Witness the struggles in Africa and Asia, where millions of foreign people may be enslaved and bled for the benefit of their new rulers.

The whole world, says Wallace, is but a gambling table. Just as gambling deteriorates and demoralizes the individual, so the greed for dominion demoralizes governments. The welfare of the people is little cared for, except so far as to make them submissive taxpayers, enabling the ruling and moneyed classes to extend their sway over new territories and to create well-paid places and exciting work for their sons and relatives.

Hence, says Wallace, comes the force that ever urges on the increase of armaments and the extension of empire. Great vested interests are at stake, and ever-growing pressure is brought to bear upon the too-willing governments in the name of the greatness of the country, the extension of commerce, or the advance of civilization. This state of things is not progress, but retrogression. It will be held by the historian of the future to show that we of the nineteenth century were morally and socially unfit to possess the enormous powers for good and evil which the rapid advance of scientific discovery has given us, that our boasted civilization was in many respects a mere superficial veneer, and that our methods of government were not in accord with either Christianity or civilization.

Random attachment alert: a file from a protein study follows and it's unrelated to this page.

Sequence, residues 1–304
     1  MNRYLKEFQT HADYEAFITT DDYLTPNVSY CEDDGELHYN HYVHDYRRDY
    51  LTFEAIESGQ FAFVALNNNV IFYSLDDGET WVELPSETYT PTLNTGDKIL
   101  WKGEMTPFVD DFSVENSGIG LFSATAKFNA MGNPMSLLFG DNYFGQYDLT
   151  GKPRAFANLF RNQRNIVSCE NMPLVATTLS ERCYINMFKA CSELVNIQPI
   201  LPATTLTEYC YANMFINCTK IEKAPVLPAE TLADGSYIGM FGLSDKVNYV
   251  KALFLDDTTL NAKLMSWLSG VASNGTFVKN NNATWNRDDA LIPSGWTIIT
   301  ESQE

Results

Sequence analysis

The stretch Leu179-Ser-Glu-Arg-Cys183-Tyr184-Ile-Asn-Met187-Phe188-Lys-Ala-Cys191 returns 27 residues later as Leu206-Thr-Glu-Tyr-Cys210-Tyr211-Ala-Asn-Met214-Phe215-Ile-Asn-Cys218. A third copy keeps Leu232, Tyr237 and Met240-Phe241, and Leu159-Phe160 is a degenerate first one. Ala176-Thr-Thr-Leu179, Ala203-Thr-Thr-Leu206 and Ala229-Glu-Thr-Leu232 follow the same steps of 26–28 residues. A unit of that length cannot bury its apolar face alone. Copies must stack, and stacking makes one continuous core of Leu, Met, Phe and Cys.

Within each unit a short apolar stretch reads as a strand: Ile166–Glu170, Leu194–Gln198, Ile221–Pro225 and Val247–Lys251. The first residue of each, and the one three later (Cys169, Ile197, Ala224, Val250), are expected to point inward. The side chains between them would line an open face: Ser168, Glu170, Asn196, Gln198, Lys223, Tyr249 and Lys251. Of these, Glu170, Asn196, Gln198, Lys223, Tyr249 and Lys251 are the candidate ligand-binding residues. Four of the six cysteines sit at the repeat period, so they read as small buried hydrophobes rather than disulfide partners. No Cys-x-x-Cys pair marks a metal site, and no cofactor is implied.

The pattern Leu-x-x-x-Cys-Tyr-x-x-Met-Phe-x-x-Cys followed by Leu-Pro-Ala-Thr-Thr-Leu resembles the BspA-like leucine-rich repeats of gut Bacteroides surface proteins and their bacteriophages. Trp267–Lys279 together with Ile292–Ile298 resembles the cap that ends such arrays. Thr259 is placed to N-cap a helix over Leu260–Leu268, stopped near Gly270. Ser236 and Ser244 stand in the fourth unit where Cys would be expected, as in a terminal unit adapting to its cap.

Comparing the conduct of these modern nations, who call themselves Christian and civilized, with that of the Spanish conquerors of the West Indies, Mexico, and Peru, and making some allowances for differences of race and public opinion, Wallace says there is not much to choose between them.

Wealth and territory and native labor were the real objects in both cases, and if the Spaniards were more cruel by nature and more reckless in their methods the results were much the same. In both cases the country was conquered and thereafter occupied and governed by the conquerors frankly for their own ends, and with little regard for the feelings or the well-being of the conquered. If the Spaniards exterminated the natives of the West Indies, we, he says, have done the same thing in Tasmania and about the same in temperate Australia. Their belief that they were really serving God in converting the heathen, even at the point of the sword, was a genuine belief, shared by priests and conquerors alike—not a mere sham as ours is when we defend our conduct by the plea of "introducing the blessings of civilization."